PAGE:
Durban march for science
Youth, women encouraged to join science industry
Nearly 200 scientists and science lovers took to the streets of Durban on Saturday.
This was one of a series of marches across the globe aimed at raising awareness of the importance of science. The group are also calling for better support for science by government.
During the march, which started at the City Hall to the South African Medical Research Council (SAMRC) in Gugu Dlamini Park, participants highlighted some of the ways science can be used to change people’s lives.
Young people, especially women, were encouraged to pursue a careers in science.
Professor Quarraisha Abdool Karim, from the Centre for the AIDS Programme of Research (CAPRISA), said the field of science needed more women because of their crucial knowledge of communities. “Although we are in the 21st Century and make up more than half of the world’s population, it’s still difficult for women to contribute to innovation and discoveries. When you have women being equal partners in science, there will be a synergy and the value of work done will be substantial,” she said.
Dr Hannah Motshedisi Sebitloane, Head of the Obstetrics and Gynaecology Department at the University of KwaZulu-Natal, said that science has made a significant contribution in the morbidity and mortality rates of babies in South Africa. “We have come a long way with HIV prevention and treatment, and science has allowed today to have 1 out of 100 babies born with HIV as opposed to the days before advanced science and technology where it was 33 out of 100,” she said.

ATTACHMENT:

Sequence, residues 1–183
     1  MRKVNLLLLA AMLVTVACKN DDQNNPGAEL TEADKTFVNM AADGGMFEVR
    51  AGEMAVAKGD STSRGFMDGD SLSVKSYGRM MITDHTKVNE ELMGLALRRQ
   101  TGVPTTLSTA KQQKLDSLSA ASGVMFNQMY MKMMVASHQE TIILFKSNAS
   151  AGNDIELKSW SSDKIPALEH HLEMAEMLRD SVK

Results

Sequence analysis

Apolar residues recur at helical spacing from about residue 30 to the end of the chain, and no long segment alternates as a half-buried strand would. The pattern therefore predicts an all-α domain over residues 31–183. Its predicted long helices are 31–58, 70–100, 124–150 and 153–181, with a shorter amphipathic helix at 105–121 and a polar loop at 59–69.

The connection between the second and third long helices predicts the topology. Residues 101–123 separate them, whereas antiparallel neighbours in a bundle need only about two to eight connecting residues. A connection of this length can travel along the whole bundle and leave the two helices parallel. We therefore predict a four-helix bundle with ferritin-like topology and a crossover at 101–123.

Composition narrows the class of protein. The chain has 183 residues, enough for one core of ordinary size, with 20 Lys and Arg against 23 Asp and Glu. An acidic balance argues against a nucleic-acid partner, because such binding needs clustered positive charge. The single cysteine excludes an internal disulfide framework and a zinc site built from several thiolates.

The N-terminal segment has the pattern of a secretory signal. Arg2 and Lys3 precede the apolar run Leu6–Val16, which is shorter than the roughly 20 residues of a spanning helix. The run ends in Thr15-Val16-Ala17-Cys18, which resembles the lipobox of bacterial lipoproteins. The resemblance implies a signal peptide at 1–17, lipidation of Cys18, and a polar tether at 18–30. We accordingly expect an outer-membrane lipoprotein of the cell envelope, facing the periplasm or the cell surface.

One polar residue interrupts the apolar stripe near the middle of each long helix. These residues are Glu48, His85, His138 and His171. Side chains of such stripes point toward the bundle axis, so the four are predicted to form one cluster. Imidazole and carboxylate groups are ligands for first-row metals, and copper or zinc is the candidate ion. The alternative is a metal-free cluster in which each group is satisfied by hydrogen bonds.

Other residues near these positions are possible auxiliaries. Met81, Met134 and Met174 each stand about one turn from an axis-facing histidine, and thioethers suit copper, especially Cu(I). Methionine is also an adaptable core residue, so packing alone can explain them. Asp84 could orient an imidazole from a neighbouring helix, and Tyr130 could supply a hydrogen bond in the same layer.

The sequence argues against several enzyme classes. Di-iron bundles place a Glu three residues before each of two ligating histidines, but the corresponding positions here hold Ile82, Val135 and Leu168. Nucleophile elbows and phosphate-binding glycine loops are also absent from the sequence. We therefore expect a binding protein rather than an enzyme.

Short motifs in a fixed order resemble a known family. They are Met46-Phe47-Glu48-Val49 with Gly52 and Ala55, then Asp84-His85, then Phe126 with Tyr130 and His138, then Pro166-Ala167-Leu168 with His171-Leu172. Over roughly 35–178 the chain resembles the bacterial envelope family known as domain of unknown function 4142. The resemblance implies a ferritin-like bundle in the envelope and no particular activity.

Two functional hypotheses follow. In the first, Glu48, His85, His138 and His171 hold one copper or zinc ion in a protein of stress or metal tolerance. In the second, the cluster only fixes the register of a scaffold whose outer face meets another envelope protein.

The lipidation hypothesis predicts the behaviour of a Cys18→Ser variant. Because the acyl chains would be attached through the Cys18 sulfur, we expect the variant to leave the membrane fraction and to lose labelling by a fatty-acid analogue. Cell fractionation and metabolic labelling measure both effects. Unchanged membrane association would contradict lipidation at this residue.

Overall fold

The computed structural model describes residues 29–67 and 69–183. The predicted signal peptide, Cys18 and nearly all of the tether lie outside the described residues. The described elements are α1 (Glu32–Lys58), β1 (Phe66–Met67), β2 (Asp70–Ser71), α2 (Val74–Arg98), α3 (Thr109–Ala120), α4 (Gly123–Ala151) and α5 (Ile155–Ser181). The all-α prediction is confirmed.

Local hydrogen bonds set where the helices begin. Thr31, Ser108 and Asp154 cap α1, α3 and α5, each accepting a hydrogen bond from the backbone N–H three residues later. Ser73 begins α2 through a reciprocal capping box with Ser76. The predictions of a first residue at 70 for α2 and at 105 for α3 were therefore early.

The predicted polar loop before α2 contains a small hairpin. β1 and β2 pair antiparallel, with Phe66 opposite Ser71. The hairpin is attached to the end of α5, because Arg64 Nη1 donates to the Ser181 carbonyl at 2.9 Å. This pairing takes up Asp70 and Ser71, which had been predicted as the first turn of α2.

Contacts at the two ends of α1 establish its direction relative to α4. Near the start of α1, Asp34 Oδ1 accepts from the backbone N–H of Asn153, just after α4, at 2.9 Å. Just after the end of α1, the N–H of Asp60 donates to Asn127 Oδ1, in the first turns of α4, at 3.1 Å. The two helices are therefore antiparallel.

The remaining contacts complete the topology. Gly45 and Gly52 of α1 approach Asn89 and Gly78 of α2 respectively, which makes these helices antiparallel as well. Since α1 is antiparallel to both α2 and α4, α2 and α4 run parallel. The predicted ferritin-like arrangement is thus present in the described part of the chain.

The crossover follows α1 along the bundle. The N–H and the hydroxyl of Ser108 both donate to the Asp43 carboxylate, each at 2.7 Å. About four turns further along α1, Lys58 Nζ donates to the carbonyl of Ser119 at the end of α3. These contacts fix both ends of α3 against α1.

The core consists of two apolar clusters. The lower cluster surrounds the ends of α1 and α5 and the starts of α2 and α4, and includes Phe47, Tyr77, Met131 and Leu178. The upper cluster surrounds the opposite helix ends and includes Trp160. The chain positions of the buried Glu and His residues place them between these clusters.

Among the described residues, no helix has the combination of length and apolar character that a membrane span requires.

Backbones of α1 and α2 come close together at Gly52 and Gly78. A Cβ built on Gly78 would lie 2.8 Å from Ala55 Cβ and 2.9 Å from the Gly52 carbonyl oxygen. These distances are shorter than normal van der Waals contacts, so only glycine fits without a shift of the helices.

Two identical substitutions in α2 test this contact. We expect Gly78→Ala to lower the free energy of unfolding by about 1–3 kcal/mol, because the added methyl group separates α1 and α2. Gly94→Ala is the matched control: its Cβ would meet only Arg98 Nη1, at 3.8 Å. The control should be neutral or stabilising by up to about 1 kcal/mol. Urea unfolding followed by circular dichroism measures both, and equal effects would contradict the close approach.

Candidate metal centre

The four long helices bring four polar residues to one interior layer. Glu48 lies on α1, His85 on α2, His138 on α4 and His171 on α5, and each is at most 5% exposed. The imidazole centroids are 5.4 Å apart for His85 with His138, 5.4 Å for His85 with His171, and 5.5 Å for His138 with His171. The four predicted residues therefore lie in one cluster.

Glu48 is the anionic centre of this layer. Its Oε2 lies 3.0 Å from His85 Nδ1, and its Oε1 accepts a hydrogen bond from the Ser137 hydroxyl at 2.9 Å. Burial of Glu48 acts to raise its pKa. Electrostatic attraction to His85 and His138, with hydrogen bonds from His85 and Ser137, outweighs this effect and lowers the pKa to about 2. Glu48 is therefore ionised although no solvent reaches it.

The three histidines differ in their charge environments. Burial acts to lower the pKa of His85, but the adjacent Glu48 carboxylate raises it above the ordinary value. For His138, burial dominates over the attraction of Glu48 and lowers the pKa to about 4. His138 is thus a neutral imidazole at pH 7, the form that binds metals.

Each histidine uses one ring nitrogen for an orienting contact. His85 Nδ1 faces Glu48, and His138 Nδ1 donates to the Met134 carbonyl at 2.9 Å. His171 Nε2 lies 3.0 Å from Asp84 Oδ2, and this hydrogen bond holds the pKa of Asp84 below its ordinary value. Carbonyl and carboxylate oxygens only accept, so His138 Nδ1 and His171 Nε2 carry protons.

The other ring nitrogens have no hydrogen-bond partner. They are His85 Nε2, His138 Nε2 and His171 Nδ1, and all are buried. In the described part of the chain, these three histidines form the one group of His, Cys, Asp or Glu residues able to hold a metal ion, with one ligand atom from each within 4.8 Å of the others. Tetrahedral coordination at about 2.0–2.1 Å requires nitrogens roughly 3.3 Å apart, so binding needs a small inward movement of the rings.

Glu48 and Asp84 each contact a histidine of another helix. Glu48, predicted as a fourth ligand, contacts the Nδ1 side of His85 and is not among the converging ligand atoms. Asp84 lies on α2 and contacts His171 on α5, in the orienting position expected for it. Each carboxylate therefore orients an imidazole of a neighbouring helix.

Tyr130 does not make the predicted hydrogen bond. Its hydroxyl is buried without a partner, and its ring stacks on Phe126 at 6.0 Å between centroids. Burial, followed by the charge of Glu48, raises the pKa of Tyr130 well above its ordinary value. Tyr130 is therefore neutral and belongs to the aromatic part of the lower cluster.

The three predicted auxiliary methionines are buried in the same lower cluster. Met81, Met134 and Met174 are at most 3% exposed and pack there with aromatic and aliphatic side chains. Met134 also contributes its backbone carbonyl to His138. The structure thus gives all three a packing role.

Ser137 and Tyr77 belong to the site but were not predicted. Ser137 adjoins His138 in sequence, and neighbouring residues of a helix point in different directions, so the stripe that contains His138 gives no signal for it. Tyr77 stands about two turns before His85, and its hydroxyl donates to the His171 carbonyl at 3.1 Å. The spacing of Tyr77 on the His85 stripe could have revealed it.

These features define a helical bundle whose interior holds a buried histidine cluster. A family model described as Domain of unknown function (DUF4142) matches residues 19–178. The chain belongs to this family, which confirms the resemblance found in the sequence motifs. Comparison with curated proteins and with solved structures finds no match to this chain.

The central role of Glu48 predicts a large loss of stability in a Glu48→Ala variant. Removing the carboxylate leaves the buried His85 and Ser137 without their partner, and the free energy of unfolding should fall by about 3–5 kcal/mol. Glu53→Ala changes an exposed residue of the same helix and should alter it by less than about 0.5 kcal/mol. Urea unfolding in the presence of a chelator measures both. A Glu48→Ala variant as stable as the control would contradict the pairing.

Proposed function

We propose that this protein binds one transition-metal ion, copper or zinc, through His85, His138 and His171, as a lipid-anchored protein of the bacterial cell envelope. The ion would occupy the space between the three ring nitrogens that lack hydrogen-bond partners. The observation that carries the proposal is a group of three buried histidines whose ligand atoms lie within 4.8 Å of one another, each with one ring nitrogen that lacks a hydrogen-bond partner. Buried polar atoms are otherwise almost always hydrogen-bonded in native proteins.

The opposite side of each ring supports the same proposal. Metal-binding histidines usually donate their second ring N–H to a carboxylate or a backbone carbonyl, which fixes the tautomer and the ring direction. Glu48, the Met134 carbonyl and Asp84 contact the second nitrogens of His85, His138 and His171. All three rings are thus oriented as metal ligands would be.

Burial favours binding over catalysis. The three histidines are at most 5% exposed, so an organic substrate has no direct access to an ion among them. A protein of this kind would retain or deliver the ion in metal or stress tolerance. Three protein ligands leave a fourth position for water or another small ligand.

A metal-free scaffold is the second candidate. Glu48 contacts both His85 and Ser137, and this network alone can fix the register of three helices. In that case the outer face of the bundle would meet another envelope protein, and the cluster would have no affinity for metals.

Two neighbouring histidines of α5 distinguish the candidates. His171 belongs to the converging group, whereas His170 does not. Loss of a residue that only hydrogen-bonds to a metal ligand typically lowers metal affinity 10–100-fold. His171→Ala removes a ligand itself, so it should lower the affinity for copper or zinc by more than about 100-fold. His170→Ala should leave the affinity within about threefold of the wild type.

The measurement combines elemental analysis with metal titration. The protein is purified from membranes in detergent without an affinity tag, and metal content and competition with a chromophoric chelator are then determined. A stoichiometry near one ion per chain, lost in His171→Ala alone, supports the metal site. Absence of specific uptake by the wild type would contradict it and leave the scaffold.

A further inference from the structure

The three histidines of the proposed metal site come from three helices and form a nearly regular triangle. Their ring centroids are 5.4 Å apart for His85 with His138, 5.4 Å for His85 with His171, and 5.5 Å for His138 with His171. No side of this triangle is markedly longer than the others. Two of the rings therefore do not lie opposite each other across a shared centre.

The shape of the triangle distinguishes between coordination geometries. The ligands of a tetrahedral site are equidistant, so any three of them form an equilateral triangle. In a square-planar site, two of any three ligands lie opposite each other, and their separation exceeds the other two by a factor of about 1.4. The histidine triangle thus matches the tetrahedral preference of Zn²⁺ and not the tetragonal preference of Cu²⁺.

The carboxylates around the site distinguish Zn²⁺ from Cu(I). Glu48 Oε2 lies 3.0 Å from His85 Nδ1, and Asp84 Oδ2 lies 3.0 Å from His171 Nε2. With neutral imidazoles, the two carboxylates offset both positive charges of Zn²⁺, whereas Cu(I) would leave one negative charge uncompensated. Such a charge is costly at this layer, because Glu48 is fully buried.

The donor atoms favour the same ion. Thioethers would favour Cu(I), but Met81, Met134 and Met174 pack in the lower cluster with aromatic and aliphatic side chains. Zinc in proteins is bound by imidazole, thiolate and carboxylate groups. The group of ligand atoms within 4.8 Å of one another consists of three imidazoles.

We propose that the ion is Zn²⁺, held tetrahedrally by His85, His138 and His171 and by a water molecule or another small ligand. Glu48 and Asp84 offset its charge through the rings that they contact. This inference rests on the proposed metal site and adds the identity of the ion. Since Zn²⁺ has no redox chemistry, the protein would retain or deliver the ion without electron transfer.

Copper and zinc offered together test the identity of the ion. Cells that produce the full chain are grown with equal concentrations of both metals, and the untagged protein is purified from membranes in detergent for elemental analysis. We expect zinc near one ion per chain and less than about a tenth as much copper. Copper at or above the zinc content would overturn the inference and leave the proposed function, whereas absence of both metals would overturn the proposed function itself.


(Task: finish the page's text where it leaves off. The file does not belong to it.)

Professor Jerry Coovadia said: “We’re here to remind people how essential science is for disease and even social cohesion. It’s an exciting time to be alive in terms of science and technology. Young people need to use this opportunity for a greater change.”
© 2017 GroundUp.
This article is licensed under a Creative Commons Attribution-NoDerivatives 4.0 International License.
You may republish this article, so long as you credit the authors and GroundUp, and do not change the text. Please include a link back to the original article.